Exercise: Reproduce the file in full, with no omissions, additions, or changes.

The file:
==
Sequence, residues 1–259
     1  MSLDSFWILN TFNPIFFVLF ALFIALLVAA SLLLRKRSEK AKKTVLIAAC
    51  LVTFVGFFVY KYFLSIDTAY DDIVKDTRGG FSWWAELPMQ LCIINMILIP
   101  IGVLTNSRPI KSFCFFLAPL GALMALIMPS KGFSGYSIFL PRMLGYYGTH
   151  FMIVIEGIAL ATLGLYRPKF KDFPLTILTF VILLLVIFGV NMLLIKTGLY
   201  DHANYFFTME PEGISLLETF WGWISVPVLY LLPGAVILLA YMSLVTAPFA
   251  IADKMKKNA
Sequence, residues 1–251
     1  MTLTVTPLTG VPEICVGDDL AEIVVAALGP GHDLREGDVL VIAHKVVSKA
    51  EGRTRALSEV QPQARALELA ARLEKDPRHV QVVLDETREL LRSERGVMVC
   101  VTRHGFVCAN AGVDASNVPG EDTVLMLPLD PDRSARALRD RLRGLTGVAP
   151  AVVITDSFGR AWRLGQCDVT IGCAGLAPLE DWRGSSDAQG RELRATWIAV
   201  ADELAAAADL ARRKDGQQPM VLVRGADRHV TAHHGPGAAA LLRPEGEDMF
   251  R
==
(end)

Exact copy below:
Sequence, residues 1–259
     1  MSLDSFWILN TFNPIFFVLF ALFIALLVAA SLLLRKRSEK AKKTVLIAAC
    51  LVTFVGFFVY KYFLSIDTAY DDIVKDTRGG FSWWAELPMQ LCIINMILIP
   101  IGVLTNSRPI KSFCFFLAPL GALMALIMPS KGFSGYSIFL PRMLGYYGTH
   151  FMIVIEGIAL ATLGLYRPKF KDFPLTILTF VILLLVIFGV NMLLIKTGLY
   201  DHANYFFTME PEGISLLETF WGWISVPVLY LLPGAVILLA YMSLVTAPFA
   251  IADKMKKNA
Sequence, residues 1–251
     1  MTLTVTPLTG VPEICVGDDL AEIVVAALGP GHDLREGDVL VIAHKVVSKA
    51  EGRTRALSEV QPQARALELA ARLEKDPRHV QVVLDETREL LRSERGVMVC
   101  VTRHGFVCAN AGVDASNVPG EDTVLMLPLD PDRSARALRD RLRGLTGVAP
   151  AVVITDSFGR AWRLGQCDVT IGCAGLAPLE DWRGSSDAQG RELRATWIAV
   201  ADELAAAADL ARRKDGQQPM VLVRGADRHV TAHHGPGAAA LLRPEGEDMF
   251  R